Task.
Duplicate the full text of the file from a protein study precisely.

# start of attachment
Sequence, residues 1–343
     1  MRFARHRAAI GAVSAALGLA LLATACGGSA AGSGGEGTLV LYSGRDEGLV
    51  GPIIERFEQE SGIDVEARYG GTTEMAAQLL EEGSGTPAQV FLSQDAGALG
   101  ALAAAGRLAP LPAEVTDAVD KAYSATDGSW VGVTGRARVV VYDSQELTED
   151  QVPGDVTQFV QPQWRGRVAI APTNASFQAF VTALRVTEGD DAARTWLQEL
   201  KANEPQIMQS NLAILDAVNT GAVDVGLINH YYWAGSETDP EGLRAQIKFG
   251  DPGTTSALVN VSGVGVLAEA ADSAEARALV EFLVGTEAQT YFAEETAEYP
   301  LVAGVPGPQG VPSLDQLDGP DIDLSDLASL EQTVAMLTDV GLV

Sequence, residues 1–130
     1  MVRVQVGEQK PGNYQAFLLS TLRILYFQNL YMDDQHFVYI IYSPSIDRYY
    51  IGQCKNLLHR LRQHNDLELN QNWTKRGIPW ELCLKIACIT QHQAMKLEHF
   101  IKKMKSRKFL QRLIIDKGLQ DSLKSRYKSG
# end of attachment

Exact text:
Sequence, residues 1–343
     1  MRFARHRAAI GAVSAALGLA LLATACGGSA AGSGGEGTLV LYSGRDEGLV
    51  GPIIERFEQE SGIDVEARYG GTTEMAAQLL EEGSGTPAQV FLSQDAGALG
   101  ALAAAGRLAP LPAEVTDAVD KAYSATDGSW VGVTGRARVV VYDSQELTED
   151  QVPGDVTQFV QPQWRGRVAI APTNASFQAF VTALRVTEGD DAARTWLQEL
   201  KANEPQIMQS NLAILDAVNT GAVDVGLINH YYWAGSETDP EGLRAQIKFG
   251  DPGTTSALVN VSGVGVLAEA ADSAEARALV EFLVGTEAQT YFAEETAEYP
   301  LVAGVPGPQG VPSLDQLDGP DIDLSDLASL EQTVAMLTDV GLV

Sequence, residues 1–130
     1  MVRVQVGEQK PGNYQAFLLS TLRILYFQNL YMDDQHFVYI IYSPSIDRYY
    51  IGQCKNLLHR LRQHNDLELN QNWTKRGIPW ELCLKIACIT QHQAMKLEHF
   101  IKKMKSRKFL QRLIIDKGLQ DSLKSRYKSG